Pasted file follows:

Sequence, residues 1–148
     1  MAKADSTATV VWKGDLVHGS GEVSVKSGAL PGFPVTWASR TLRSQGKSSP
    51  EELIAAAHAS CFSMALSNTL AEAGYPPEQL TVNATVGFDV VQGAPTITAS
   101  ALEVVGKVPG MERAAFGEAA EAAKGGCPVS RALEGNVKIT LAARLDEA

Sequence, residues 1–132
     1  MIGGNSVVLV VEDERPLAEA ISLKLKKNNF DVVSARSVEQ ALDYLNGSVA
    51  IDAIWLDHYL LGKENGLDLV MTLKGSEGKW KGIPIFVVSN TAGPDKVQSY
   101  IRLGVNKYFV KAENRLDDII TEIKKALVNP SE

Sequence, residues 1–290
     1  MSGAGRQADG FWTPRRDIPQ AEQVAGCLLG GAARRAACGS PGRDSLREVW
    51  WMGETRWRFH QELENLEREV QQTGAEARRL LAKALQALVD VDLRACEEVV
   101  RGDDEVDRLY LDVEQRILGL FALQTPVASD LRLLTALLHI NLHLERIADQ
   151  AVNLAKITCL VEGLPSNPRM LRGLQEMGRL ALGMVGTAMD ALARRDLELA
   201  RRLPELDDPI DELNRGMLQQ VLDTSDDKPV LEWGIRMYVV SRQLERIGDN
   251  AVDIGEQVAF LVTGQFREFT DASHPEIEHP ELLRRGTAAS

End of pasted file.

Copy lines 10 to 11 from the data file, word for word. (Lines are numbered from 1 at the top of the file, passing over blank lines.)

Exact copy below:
     1  MSGAGRQADG FWTPRRDIPQ AEQVAGCLLG GAARRAACGS PGRDSLREVW
    51  WMGETRWRFH QELENLEREV QQTGAEARRL LAKALQALVD VDLRACEEVV